U.S. Department of Transportation
Federal Highway Administration
1200 New Jersey Avenue, SE
Washington, DC 20590
|Accelerating Infrastructure Innovations|
Date: January 1999
With the Year 2000 (Y2K) rapidly approaching, State and local traffic engineers from the Mid-Atlantic States met with Federal Highway Administration (FHWA) officials on December 1 to make sure that computerized traffic control systems will function properly when the new millennium arrives.
"Ensuring safe travel when January 1, 2000, arrives is a major priority of the department," said Deputy Transportation Secretary Mortimer L. Downey. "Regional meetings like this will help ensure that our Nation's transportation system makes a smooth, safe transition into the 21st century."
Conference leaders stressed that early planning and teamwork are essential to ensuring that traffic will continue to flow smoothly and safely once the century rolls over. Problems can usually be prevented with a simple technical fix, but determining what needs to be fixed, and how that should be done, requires an extensive computer evaluation and testing process.
"The question that everyone needs to ask is, 'Are you Y2K okay?,'" said Federal Highway Administrator Kenneth R. Wykle. "Y2K okay means having a interoperable system that works for you and is also able to communicate with other transportation systems."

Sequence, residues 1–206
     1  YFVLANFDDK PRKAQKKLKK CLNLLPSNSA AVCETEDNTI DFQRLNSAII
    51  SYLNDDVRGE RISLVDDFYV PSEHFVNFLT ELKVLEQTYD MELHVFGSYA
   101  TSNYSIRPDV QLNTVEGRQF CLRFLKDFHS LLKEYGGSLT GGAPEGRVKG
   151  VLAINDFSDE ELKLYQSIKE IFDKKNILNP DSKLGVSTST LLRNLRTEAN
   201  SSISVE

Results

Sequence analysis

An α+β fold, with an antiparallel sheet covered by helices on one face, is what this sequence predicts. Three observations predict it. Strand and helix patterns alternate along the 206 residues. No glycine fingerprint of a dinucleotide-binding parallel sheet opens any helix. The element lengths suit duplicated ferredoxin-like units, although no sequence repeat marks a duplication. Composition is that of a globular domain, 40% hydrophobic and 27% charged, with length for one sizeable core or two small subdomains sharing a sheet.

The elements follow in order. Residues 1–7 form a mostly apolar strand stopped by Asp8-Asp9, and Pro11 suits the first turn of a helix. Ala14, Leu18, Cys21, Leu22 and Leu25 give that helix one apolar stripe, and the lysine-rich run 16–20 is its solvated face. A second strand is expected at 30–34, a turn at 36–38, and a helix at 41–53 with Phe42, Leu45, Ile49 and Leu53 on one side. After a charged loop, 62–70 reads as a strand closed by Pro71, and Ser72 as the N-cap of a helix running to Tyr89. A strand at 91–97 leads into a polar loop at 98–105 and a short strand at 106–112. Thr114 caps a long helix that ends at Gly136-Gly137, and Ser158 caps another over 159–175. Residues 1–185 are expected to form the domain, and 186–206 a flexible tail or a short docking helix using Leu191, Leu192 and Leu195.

States often use different software packages to control traffic signals, and sometimes these various software packages are not compatible. For example, city streets may have alternating traffic patterns, depending on the time of day, and use computerized signs to keep motorists advised of current traffic patterns. If the signals directing the one-way traffic stop working, there would be both a safety hazard and congestion.
John McCracken of FHWA urged all States and localities to "develop and implement a contingency plan with a wide range of Y2K scenarios that anticipate what can go wrong and how to respond."
FHWA will be scheduling additional regional Y2K workshops in 1999 to assist States. For more information, contact your local FHWA division office. Further information on Y2K traffic control issues can also be found on FHWA's Web site at www.fhwa.dot.gov/y2k.